Hours: Breakfast, lunch, dinner: seven days
Open late: Friday & Saturday till 12:30, Monday-Thursday till 11:30
Brendan Sodikoff's take on a Jewish deli also draws on his loungey previous spots (Maude's, Bavette's, Au Cheval), serving craft cocktails alongside house-made bagels.
Initially billed as a deli, this "deli-style American brasserie" from Brendan Sodikoff (Doughnut Vault, Gilt Bar, Maude's, Au Cheval) is pure id. Here are cured meat, schmaltz, creme fraiche, cheese, bone marrow, and a menu of "strong drinks." And here are sandwiches like the Montreal—bologna, pastrami, corned beef, and, for good measure, foie gras. Starters include a Kubrickian matzo ball, rising forbiddingly over the lip of a bowl holding a rich chicken broth improved further by little charred onions; plump pickled herring on rye; and the best chicken liver I've had, chopped rough and served with a ramekin of schmaltz and generously greasy toast. Caesar salad has a dressing so intensely flavorful—so lemony, so fishy, so garlicky—that it needn't be poured on; another wonderful "salad" consists of a mound of smoked whitefish in half an avocado with some lettuce on the side. Cocktails, mostly classic whiskey-bitters combinations, are great too: you could accompany your Montreal, for instance, with a Toronto, that blessed marriage of rye and Fernet. It's decadent, yes. It's also fabulous. Read the full review >>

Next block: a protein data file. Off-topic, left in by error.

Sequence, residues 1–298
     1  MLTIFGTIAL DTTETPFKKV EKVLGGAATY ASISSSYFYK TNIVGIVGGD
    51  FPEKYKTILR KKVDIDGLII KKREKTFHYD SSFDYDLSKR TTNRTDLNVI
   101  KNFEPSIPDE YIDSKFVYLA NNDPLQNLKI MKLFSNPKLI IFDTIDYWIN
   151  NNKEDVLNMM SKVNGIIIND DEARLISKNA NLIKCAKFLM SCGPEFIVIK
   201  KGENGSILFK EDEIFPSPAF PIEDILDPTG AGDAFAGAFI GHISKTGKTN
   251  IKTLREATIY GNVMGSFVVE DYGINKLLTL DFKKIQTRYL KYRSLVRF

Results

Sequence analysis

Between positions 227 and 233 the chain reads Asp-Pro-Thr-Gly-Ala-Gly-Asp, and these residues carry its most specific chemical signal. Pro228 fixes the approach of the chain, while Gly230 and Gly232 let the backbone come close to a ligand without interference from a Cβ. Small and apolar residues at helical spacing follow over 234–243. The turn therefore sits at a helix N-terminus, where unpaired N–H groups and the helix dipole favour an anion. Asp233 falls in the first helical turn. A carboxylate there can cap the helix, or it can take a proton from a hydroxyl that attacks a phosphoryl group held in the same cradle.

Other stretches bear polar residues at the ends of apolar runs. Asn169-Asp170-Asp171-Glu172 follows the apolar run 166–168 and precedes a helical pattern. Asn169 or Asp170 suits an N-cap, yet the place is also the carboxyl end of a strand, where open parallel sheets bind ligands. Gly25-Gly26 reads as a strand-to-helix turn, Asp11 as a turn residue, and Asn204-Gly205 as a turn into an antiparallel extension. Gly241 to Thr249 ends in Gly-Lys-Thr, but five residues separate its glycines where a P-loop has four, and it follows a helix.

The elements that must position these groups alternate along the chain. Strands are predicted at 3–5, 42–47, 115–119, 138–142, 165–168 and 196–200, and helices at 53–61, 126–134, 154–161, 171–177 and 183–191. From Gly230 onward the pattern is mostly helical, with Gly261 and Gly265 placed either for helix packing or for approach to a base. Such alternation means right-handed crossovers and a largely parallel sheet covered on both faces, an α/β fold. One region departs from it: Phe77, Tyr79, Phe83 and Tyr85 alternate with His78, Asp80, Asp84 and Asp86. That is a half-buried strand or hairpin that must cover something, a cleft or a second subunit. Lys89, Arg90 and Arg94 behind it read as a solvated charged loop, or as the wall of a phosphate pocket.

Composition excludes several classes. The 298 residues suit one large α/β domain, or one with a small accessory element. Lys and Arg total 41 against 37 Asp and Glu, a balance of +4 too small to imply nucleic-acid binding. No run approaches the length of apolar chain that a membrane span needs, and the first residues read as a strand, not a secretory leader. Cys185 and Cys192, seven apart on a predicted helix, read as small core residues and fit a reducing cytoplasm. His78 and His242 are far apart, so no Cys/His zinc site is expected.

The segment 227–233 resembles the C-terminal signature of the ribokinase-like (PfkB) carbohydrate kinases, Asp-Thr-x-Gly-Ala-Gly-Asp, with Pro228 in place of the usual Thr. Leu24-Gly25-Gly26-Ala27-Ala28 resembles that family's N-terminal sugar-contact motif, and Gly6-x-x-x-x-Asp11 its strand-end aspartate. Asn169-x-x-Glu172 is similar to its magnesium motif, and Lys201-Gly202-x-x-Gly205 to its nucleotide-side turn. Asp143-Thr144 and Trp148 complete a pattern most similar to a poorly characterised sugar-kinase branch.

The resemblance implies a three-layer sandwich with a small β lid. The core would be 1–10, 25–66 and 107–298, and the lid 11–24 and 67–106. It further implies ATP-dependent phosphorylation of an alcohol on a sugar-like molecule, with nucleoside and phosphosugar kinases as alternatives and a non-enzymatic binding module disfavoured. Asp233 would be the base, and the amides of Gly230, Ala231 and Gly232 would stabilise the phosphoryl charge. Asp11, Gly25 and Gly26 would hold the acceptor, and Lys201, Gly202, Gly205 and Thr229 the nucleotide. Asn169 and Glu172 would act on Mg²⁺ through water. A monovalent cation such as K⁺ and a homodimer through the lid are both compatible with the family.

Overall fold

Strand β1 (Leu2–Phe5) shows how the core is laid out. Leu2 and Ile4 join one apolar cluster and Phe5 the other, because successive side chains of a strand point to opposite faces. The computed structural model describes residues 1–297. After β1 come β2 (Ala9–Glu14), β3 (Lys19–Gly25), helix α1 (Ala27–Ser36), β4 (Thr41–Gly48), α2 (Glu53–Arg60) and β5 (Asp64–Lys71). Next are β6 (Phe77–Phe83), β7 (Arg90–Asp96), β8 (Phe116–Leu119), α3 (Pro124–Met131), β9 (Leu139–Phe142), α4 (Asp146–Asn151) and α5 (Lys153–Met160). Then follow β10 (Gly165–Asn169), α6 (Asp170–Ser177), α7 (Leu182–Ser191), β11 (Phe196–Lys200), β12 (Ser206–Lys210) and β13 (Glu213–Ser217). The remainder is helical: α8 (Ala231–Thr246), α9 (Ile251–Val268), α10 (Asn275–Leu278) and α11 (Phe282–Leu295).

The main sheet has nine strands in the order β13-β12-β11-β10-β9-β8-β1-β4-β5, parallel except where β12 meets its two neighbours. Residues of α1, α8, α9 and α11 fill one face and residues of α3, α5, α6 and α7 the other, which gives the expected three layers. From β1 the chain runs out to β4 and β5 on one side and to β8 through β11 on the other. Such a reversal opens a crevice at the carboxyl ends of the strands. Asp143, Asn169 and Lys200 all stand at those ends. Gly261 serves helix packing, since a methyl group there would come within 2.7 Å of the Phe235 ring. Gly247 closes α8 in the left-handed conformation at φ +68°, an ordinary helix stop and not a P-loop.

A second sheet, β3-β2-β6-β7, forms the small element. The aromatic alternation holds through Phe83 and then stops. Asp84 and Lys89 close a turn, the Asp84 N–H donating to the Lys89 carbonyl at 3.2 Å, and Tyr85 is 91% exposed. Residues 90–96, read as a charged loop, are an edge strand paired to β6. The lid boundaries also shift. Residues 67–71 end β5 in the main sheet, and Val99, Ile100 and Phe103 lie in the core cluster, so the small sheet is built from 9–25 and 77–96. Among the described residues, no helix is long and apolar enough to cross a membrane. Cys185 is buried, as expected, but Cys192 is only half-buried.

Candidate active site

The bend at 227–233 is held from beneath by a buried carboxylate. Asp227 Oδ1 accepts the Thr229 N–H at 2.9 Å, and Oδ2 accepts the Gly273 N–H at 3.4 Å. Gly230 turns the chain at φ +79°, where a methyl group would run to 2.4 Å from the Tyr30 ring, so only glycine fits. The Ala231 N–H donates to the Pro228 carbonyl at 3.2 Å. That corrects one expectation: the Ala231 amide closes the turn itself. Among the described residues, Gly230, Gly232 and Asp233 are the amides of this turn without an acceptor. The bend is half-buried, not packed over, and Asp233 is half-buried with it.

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Brendan Sodikoff's "deli-style American brasserie" is split in two. One side is indeed deli style, if your neighborhood bagel-and-lox place happens to be lit by two massive chandeliers. The other is like an old, really comfortable library, but one where you can eat and drink, both of which activities I recommend. The cocktails, mostly classic whiskey-bitters combinations, are great—they do a killer version of a Toronto, that blessed marriage of rye and Fernet, for example. The Brown Derby, said on the menu to contain bourbon, grapefruit, and honey, beguiles with the depth of its flavor, the whiskey and the citrus bringing out each other's best bitter elements. A deli-esque Cel-Ray soda is enlivened with gin. And then there's the pickle backs, for $6 a pop. We partook one night. As they say: When in Rome, YOLO. —Sam Worley